Requirements to qualify as an AEI for the ARPA subsidy are more complex. Although the reason for employment termination does not have to be COVID-related, the COBRA participant must meet ALL of the following:

  • The QE was either Involuntary Termination, or a Reduction in Hours. (None of the other COBRA-qualified QEs are eligible for the ARPA Subsidy.)
    • The reduction in hours does not have to have been involuntary for the individual to qualify
    • A person whose employment was terminated due to gross misconduct is not eligible for premium assistance
  • The QB is not eligible for Medicare or any other medical coverage, either directly or through a spouse, save for excepted benefits such as dental and vision.
  • The QB is enrolled in COBRA as of April 1, 2021 or elects COBRA between April 1 and September 30, 2021 under the special enrollment period created by ARPA. (As long as they are still within their 18-month eligibility window, AEIs can elect COBRA during the special enrollment period even if they had previously declined COBRA or elected COBRA and then discontinued coverage or let it lapse.)

Length of Subsidy Coverage

Under ARRA, the COBRA subsidy was available for up to 15 months. Under ARPA, the subsidy is available for a limited 6-month window, from April 1, 2021 through September 30, 2021.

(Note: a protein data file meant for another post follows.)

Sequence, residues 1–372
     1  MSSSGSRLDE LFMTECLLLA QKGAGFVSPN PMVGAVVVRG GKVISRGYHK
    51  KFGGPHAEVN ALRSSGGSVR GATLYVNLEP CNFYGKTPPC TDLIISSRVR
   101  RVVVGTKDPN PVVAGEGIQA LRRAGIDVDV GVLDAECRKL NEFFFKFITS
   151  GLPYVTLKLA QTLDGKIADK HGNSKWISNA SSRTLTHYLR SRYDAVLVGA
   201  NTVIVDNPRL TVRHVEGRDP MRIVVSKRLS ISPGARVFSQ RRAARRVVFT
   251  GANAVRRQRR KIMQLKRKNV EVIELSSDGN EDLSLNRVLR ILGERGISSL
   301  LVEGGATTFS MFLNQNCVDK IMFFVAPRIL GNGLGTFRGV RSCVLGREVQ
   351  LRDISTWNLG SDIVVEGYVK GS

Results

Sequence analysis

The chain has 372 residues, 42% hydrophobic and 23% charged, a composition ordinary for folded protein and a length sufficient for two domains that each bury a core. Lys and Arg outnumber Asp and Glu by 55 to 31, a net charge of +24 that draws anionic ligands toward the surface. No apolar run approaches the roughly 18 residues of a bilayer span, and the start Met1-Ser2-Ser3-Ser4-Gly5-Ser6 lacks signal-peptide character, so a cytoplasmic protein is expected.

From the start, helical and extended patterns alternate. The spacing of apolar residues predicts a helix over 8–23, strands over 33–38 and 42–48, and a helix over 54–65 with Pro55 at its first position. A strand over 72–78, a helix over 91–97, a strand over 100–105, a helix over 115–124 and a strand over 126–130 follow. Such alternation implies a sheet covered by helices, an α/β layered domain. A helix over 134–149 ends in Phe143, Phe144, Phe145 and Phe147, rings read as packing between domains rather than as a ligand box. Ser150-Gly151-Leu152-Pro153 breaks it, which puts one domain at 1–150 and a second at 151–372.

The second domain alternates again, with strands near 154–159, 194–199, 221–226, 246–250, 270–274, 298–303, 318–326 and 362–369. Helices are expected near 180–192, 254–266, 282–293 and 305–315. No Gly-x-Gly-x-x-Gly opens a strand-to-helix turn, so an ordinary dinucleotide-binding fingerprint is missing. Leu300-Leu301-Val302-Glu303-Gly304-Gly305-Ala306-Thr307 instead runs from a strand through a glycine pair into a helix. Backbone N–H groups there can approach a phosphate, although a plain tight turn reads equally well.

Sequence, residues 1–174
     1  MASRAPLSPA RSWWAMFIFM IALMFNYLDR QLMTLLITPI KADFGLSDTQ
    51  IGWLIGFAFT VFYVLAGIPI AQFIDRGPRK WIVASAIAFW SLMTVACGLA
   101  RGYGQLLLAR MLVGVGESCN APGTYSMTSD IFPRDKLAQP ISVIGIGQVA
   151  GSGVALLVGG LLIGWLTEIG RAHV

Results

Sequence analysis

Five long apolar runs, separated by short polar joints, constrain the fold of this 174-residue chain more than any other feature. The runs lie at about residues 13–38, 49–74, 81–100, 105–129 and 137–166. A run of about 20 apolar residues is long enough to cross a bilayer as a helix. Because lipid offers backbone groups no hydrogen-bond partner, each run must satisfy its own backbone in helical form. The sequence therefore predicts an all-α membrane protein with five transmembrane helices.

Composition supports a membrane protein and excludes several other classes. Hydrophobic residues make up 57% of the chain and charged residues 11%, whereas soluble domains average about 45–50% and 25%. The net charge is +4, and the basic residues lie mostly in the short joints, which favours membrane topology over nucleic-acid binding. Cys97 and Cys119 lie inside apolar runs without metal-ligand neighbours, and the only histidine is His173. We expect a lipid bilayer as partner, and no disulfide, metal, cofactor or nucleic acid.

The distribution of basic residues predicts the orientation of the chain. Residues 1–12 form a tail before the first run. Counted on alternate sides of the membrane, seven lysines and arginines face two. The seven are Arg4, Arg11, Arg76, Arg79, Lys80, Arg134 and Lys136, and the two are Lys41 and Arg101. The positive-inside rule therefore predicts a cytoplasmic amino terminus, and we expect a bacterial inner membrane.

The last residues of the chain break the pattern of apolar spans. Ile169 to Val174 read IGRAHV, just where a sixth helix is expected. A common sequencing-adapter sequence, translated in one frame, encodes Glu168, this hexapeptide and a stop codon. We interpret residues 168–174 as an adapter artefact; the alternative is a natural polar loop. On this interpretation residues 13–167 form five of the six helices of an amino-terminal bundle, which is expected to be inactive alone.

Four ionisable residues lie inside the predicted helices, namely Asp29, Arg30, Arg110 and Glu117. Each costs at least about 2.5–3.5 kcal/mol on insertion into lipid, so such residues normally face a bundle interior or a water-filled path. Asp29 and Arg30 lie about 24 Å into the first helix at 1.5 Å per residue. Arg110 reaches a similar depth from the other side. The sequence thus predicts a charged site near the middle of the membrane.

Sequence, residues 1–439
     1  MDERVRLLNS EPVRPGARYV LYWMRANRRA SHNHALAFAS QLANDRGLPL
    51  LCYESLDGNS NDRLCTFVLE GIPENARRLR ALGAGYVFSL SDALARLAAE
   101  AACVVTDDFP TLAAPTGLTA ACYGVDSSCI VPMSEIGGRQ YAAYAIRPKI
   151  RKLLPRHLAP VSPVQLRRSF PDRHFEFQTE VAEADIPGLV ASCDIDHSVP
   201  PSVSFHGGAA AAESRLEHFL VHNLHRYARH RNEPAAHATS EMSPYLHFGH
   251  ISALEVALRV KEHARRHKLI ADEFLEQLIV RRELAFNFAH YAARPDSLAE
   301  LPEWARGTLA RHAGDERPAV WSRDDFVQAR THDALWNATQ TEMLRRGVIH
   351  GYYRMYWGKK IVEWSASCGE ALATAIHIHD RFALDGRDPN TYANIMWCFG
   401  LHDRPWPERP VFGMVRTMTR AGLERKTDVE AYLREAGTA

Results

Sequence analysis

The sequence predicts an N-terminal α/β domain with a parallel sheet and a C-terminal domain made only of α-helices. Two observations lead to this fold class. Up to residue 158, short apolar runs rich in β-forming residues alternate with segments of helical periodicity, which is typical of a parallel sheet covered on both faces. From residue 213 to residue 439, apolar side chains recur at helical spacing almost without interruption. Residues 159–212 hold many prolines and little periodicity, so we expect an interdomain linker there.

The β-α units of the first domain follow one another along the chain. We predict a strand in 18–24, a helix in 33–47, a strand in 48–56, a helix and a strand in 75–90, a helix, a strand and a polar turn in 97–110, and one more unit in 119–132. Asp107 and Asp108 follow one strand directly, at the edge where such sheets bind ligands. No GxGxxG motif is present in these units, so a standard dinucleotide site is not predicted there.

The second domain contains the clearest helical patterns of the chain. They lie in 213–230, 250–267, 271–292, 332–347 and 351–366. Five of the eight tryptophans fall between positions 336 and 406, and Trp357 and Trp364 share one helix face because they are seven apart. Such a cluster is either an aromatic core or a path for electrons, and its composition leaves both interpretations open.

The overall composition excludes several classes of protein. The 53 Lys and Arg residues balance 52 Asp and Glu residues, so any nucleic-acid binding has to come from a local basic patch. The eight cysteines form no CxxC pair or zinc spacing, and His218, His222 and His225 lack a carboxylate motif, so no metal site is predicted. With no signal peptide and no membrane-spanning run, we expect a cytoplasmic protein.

The ARPA premium subsidy could end earlier if:

  • AEI becomes eligible for another group health plan, such as a plan sponsored by a new employer or spouse’s employer (does not include excepted benefits, QSEHRA, or health FSA)
  • AEI becomes eligible for Medicare
  • AEI reaches the end of their maximum COBRA continuation coverage period 

Problems for COBRA Administrators

As a highly regulated healthcare benefit, COBRA is often outsourced by employers because failure to comply with the law can result in significant financial penalties. COBRA administrators have been placed under a tremendous burden with both ARRA and ARPA, due to myriad issues regarding communications, deadlines, and fee collection, among others.

Challenges posed by ARRA 

With ARRA, COBRA administrators and technology providers were dealing with a federal COBRA subsidy for the first time since COBRA was enacted in 1985. Software providers scrambled to update their systems so that third party COBRA administrators could effectively manage subsidized COBRA coverage.

There was also a lot of confusion on how to apply the subsidy benefit and how to communicate with employers and potential AEIs. This was compounded by the fact that ARRA initially approved the premium subsidy for 9 months, which was later extended to 15 months. It is estimated that about one-third of eligible individuals were either confused by or not even aware of  the subsidy.